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Toil and Trouble? Labor Secretary Bill Usery Thrives on Both

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I have the ability to go long hours without sleep,” says Labor Secretary W.J. Usery, explaining how he has become the nation’s best mediator. “I rarely catnap. Sometimes I play gin rummy. And I take a lot of cold showers.” At 52, after nearly three decades at the bargaining table, Willie Julian Usery Jr. from Hardwick, Ga. can proudly claim: “I’ve been involved with over 300 collective-bargaining agreements and had only 11 strikes.”

Usery is earning his $60,000 salary these days. Named to his job by President Ford in January (the 15th Labor Secretary), Usery has faced a period of tense labor-management confrontations. In the final four months of 1976 alone, contracts covering some 3 million workers, including those in the automobile, meat-packing and garment and textile industries, will be expiring, and the Secretary is already at work behind the scenes. Recently Usery’s personal intervention set the stage for settlement of a United Rubber Workers’ strike that had dragged on for 16 weeks. “Bill is an intuitive mediator,” says Malcolm Lovell, president of the Rubber Manufacturers’ Association. “He is trusted by both sides. Part of his charm is that he’s never taken on any pseudosophisticated trappings. We yelled and screamed at each other, but I was really impressed.” AFL-CIO boss George Meany agrees. “Bill’s one of us,” says Meany. “He’s the best mediator I’ve ever seen.”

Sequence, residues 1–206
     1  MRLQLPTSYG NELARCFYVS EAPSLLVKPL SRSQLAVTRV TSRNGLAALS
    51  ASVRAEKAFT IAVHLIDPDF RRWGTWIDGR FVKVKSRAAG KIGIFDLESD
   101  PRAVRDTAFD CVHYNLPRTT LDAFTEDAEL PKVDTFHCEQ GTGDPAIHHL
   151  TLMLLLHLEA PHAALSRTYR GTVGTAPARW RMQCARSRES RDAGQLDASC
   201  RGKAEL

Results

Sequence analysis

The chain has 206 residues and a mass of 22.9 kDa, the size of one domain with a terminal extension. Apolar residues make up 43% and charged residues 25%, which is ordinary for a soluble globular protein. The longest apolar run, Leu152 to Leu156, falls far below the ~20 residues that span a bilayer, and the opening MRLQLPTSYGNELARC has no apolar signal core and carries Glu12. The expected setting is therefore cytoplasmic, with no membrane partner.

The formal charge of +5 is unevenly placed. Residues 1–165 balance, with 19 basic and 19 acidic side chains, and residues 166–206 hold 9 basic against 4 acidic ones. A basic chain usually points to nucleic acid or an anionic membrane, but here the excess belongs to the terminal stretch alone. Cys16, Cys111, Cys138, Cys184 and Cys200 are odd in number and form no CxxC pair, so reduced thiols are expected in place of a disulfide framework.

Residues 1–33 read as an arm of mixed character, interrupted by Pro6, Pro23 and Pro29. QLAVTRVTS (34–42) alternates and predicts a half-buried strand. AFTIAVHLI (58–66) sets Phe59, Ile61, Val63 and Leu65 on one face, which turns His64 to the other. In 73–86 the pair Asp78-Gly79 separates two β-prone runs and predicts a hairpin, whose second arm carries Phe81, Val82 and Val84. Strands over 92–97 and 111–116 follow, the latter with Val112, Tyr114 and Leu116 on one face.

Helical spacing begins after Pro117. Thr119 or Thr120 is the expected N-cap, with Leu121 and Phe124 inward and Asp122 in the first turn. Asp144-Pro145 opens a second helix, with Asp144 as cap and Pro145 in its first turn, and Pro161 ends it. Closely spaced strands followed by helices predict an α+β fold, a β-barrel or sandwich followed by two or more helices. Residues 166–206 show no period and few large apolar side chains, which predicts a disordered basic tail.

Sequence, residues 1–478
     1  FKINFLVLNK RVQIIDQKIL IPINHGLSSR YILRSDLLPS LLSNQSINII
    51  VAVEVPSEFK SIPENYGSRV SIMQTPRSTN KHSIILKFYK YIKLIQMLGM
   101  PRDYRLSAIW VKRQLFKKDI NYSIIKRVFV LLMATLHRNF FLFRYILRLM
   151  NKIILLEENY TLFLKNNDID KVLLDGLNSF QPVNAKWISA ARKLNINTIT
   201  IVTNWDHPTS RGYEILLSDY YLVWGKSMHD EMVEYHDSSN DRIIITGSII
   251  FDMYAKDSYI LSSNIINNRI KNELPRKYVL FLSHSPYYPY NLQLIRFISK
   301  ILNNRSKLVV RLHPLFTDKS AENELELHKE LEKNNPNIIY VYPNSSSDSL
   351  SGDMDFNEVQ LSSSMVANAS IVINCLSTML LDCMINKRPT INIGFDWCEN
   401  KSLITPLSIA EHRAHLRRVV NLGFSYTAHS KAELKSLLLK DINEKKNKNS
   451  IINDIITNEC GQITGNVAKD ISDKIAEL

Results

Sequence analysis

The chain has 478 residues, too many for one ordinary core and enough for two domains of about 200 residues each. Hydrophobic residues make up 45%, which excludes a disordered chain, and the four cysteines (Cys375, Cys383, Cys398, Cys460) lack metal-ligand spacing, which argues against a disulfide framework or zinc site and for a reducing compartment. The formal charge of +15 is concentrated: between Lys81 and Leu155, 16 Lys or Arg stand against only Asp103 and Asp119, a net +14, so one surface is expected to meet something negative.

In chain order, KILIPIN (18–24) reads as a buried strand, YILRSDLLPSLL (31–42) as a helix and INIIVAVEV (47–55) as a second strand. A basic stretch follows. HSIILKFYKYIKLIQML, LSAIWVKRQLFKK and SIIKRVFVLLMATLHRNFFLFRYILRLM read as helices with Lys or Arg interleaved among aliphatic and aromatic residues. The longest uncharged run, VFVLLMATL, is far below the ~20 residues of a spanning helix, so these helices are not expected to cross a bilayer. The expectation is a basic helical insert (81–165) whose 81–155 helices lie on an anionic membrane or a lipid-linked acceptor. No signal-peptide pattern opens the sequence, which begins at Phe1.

Usery stresses his humble origins. “I look upon myself as a success for the system,” he says. His father worked in the post office of a state hospital, his mother in the hospital’s laundry. He went to military school and, since he had only two uniforms, his mother laundered one on her job every day. “I was as well-dressed as any kid,” says Usery. After naval service in World War II, Usery studied at Mercer University in Macon, Ga. at night and worked by day as a maintenance machinist at an Armstrong Cork plant. He joined the International Association of Machinists, and in 1954 the union sent Usery to Cocoa Beach, Fla., he says, “for three days to see if there was any opportunity to organize. I spent 14 years there and got into all the national bargaining with the aerospace companies.” In 1961 President John Kennedy appointed Usery to be the industrial union representative at Cape Canaveral, a post he held until 1967. Two years later he went to Washington as an Assistant Secretary of Labor in the Nixon administration.

With his monogrammed shirts, loud suits and diamond ring, Usery does not convey the traditional Cabinet image. Instead he is a man of rough-hewn charm, reinforced by a bottomless reservoir of Southern yarns, all told in a Georgia drawl and many of them unprintable. They are handy during negotiations. “If you can get people laughing,” Usery says, “they settle down, cool off and start again.”

Usery is a big man, 6’1″ and 230 pounds. Despite his “aw shucks” manner, he is smart and tough. “I was run out of a few towns by the Ku Klux Klan,” he says. “I’ve had a few tomatoes thrown at me when I was speaking. But I’ve never been in a fistfight.”

He rises at 6:30 a.m. in his one-bedroom Washington apartment (his wife, Gussie Mae, and son Melvin, 29, live in Macon), drinks a glass of iced tea, exercises and reaches the office by 7:30. He works 13 hours, then adjourns for a steak-and-potatoes dinner with staff members. Since joining the government seven years ago, Usery has not taken a vacation. “I enjoy work,” he says. He also favors martinis and “10 to 12 seegars a day.”

Usery is not above using gimmickry to get his way. “Once,” he recalls, “when everybody was cranky, I returned to a meeting wearing a big old Avis button that said ‘We try harder.’ ”

It’s not a technique found in any textbooks, but it worked. “I have great respect for economists and all their theories,” says Usery, “but I try to live in the real world.”